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Heterogeneous workers, optimal job seeking, and aggregate labor market dynamics

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  • Brendan Epstein

Abstract

In the United States, the aggregate vacancy-unemployment (V/U) ratio is strongly procyclical, and a large fraction of its adjustment associated with changes in productivity is sluggish. The latter is entirely unexplained by the benchmark homogeneous-agent model of equilibrium unemployment theory. I show that endogenous search and worker-side horizontal heterogeneity in production capacity can be important in accounting for this propagation puzzle. Driven by differences in unemployed and on-the-job seekers' search incentives, the probability that any given firm with a job opening matches with a worker endowed with a comparative advantage in that job exhibits a stage of procyclical slow-moving adjustment. Consequently, so do the expected gains from posting vacancies and, hence, the V/U ratio. The model has channels through which the majority of both the V/U ratio's sluggish-adjustment properties and its elasticity with respect to output per worker can be accounted for.

Suggested Citation

  • Brendan Epstein, 2012. "Heterogeneous workers, optimal job seeking, and aggregate labor market dynamics," International Finance Discussion Papers 1053, Board of Governors of the Federal Reserve System (U.S.).
  • Handle: RePEc:fip:fedgif:1053
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    References listed on IDEAS

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    1. Christopher A. Pissarides, 2000. "Equilibrium Unemployment Theory, 2nd Edition," MIT Press Books, The MIT Press, edition 1, volume 1, number 0262161877, January.
    2. Marcus Hagedorn & Iourii Manovskii, 2008. "The Cyclical Behavior of Equilibrium Unemployment and Vacancies Revisited," American Economic Review, American Economic Association, vol. 98(4), pages 1692-1706, September.
    3. Dale Mortensen & Eva Nagypal, 2007. "More on Unemployment and Vacancy Fluctuations," Review of Economic Dynamics, Elsevier for the Society for Economic Dynamics, vol. 10(3), pages 327-347, July.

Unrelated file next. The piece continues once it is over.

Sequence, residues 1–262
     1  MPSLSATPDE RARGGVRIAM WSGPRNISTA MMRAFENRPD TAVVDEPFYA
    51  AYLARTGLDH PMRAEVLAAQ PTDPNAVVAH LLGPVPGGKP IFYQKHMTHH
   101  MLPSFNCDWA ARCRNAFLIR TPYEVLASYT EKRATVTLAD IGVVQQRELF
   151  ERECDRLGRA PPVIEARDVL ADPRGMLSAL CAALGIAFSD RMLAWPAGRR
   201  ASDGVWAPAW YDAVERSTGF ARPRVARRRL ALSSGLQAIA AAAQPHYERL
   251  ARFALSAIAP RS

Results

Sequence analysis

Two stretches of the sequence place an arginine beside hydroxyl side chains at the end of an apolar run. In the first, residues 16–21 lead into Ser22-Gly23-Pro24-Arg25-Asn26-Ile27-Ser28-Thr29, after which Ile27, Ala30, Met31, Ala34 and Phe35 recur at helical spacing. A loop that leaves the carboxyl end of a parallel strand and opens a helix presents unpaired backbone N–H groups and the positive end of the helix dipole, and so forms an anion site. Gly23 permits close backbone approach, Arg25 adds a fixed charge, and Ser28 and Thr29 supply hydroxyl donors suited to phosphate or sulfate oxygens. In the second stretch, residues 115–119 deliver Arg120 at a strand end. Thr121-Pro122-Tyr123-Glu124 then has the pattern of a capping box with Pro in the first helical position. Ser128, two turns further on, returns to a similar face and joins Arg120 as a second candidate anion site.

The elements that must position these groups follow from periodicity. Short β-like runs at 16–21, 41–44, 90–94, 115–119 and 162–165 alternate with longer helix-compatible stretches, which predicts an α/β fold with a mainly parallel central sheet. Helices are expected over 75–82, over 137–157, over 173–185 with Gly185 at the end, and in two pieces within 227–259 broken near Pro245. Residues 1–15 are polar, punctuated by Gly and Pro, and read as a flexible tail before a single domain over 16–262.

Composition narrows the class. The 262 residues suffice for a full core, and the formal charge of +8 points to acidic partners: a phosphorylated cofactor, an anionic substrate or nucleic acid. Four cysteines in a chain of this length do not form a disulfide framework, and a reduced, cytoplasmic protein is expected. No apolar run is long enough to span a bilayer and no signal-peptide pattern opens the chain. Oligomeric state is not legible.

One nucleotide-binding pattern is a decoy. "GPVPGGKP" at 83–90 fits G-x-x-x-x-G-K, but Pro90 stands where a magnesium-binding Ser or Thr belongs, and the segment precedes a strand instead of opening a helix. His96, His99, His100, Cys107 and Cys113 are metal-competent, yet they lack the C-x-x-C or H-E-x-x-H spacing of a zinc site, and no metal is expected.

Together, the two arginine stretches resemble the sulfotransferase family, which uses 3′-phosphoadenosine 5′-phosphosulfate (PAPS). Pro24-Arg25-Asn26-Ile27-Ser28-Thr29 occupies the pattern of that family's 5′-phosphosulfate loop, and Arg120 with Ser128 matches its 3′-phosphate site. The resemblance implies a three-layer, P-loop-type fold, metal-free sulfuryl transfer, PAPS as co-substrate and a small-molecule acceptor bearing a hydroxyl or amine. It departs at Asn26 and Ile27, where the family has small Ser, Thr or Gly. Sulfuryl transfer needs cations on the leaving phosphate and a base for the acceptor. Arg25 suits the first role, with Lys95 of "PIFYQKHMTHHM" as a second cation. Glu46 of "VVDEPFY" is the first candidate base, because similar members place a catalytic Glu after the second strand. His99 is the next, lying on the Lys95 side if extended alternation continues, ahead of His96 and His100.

4. Fujita, Shigeru & Ramey, Garey, 2007. "Job matching and propagation," Journal of Economic Dynamics and Control, Elsevier, vol. 31(11), pages 3671-3698, November.
    5. JuanJ. Dolado & Marcel Jansen & JuanF. Jimeno, 2009. "On-the-Job Search in a Matching Model with Heterogeneous Jobs and Workers," Economic Journal, Royal Economic Society, vol. 119(534), pages 200-228, January.
    6. Chassamboulli Andri, 2011. "Cyclical Upgrading of Labor and Employment Differences across Skill Groups," The B.E. Journal of Macroeconomics, De Gruyter, vol. 11(1), pages 1-42, May.
    7. Michael Pries, 2008. "Worker Heterogeneity and Labor Market Volatility in Matching Models," Review of Economic Dynamics, Elsevier for the Society for Economic Dynamics, vol. 11(3), pages 664-678, July.
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    Cited by:

    1. Arseneau, David M. & Epstein, Brendan, 2014. "Offshoring, Mismatch, and Labor Market Outcomes," International Finance Discussion Papers 1118, Board of Governors of the Federal Reserve System (U.S.).
    2. Föll, Tobias, 2017. "Financial Constraints, Wage Rigidity, and the Labor Market," Annual Conference 2017 (Vienna): Alternative Structures for Money and Banking 168080, Verein für Socialpolitik / German Economic Association.
    3. Garín, Julio, 2015. "Borrowing constraints, collateral fluctuations, and the labor market," Journal of Economic Dynamics and Control, Elsevier, vol. 57(C), pages 112-130.
    4. repec:eee:deveco:v:127:y:2017:i:c:p:25-41 is not listed on IDEAS
    5. Michael W. L. Elsby & Ryan Michaels & David Ratner, 2015. "The Beveridge Curve: A Survey," Journal of Economic Literature, American Economic Association, vol. 53(3), pages 571-630, September.
    6. Epstein, Brendan & Finkelstein Shapiro, Alan, 2017. "Employment and firm heterogeneity, capital allocation, and countercyclical labor market policies," Journal of Development Economics, Elsevier, vol. 127(C), pages 25-41.

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